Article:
Directors observed that the 2004 federal government budget embodies a positive change from past budgetary practice. The adoption of a fiscal policy framework incorporating an oil price baseline should help achieve sizable cash savings to buffer against future oil price shocks and reduce macroeconomic volatility. Directors called on the authorities to build on this progress and begin the 2005 budget cycle early. They stressed the need to further prioritize the capital budget, design a strategy to address domestic arrears, and develop a medium-term expenditure framework consistent with NEEDS.

Directors encouraged the central bank to implement a credible monetary policy framework aimed at achieving price stability and rebuilding Nigeria's international reserves. Given the monetary overhang from 2003 and the persistent inflationary pressures, Directors underscored the need for the central bank to be vigilant in implementing its monetary program. In particular, the central bank should avoid financing the budget deficit and should adjust the minimum rediscount rate if inflationary pressures accelerate. Directors encouraged increased reliance on indirect monetary policy instruments and reforms to enhance the independence of the central bank. In addition, they urged the central bank to develop an effective strategy for public communication of the objectives and stance of monetary policy, so as to establish the credibility of the monetary framework.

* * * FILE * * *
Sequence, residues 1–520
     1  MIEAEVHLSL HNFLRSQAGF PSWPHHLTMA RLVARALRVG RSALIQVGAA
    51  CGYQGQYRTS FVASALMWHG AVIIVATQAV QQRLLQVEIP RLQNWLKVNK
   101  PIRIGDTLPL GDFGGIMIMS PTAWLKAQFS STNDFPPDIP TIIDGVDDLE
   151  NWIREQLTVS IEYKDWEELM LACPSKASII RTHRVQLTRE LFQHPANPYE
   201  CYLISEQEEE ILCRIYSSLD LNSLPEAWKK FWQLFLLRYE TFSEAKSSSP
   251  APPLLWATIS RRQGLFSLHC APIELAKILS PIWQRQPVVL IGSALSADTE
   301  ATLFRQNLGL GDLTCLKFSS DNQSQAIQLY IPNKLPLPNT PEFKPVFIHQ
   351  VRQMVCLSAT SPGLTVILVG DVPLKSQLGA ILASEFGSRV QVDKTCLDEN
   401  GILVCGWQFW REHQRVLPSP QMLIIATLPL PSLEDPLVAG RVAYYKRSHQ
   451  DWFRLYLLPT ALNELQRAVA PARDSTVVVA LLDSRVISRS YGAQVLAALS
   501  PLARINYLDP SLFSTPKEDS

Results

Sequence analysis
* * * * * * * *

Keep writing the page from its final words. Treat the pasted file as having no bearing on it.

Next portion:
Directors commended the implementation of the recommendations of the Financial Sector Assessment Program aimed at strengthening the financial sector and the payments system. They underscored the importance of decisive action against misreporting and under-provisioning and of an exit strategy to address the problem of weak banks, and supported the authorities' request for a follow-up FSAP to help address these issues. The establishment of a Financial Intelligence Unit to strengthen the framework for anti-money laundering was welcomed.